Editorial

It’s important for everyone — families, individuals and governments — to think about saving when there’s a little extra money to go around.

There are times, however, that spending should take presedence over saving. That’s why we support using about $15 million of the state’s budget surplus to streamline reporting of abuse and neglect of our elderly.

The plan comes from Gov. Mark Dayton and a bipartisan group of lawmakers who have proposed major changes to the way the state oversees elder care facilities. The proposal follows what’s apparently been years of abuse and neglect only recently revealed in a news report.

About 82,000 Minnesotans now live in senior care facilities. That number is expected to grow as more and more “Baby Boomers” age, and sometimes not so gracefully.

A state audit last week revealed “deep and pervasive failures” in the state’s regulations that contributed to a 50-percent increase in the number of complaints filed in the last five years. The Minnesota Legislative Auditor also found that Minnesota’s laws governing senior care facilities are unnecessarily complex.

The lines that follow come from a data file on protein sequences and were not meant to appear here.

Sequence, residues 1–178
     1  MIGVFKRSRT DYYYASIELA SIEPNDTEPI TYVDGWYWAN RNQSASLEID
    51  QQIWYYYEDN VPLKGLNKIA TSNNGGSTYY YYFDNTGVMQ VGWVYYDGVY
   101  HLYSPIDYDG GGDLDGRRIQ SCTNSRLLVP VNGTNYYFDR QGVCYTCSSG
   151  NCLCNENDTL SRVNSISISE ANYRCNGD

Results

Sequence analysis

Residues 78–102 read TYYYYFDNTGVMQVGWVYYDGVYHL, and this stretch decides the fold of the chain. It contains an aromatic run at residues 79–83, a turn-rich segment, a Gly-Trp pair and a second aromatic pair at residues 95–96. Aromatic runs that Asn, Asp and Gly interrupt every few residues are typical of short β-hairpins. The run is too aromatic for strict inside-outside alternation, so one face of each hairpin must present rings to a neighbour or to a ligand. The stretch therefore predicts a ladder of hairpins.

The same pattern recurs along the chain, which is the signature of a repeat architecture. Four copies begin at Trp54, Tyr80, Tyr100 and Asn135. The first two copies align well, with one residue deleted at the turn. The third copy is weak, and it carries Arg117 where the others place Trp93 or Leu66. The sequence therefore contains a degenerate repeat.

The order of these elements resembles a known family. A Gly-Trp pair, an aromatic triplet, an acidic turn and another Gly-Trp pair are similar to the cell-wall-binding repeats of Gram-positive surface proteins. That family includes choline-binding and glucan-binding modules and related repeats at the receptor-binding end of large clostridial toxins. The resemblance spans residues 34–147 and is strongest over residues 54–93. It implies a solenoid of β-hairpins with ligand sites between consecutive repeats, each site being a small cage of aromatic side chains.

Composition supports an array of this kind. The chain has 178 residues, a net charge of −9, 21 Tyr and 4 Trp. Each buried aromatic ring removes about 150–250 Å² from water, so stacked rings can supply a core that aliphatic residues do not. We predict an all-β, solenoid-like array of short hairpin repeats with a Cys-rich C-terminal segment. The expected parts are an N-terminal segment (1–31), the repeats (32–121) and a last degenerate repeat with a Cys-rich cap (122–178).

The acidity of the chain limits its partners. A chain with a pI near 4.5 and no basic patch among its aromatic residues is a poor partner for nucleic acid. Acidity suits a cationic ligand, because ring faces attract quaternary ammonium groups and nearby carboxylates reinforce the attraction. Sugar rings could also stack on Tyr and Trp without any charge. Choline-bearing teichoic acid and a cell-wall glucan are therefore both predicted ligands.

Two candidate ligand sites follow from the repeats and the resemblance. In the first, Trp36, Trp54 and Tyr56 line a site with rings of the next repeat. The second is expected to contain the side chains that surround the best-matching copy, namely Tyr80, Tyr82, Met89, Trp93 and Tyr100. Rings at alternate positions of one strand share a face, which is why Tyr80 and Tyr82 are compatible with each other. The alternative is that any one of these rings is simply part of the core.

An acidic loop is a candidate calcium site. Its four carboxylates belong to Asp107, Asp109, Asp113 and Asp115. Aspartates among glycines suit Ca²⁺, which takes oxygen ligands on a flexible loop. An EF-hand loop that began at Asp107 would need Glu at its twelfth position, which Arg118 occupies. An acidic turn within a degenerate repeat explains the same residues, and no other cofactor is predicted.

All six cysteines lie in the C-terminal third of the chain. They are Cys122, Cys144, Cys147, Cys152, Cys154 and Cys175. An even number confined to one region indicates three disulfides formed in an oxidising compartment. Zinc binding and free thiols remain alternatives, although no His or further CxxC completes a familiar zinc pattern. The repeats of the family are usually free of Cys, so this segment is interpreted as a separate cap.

The proposal does not come as a fix to just a few people falling through the bureaucratic cracks. This is a widespread problem that must be corrected and the solution must have buy-in from senior care providers across the state.

The proposal would allow complaints to be analyzed in an effort to isolate trends, establish new licensing for assisted living centers and dementia care facilitates, and impose stricter penalties for employees found to have threatened or abused elders in their care.

Clearly, taking care of our vulnerable seniors should be as important as protecting our children. This proposal would be a large step in the right direction toward curbing maltreatment of those who cared for us years ago, and establish a needed path forward for the many more elderly Minnesotans whom will soon need care.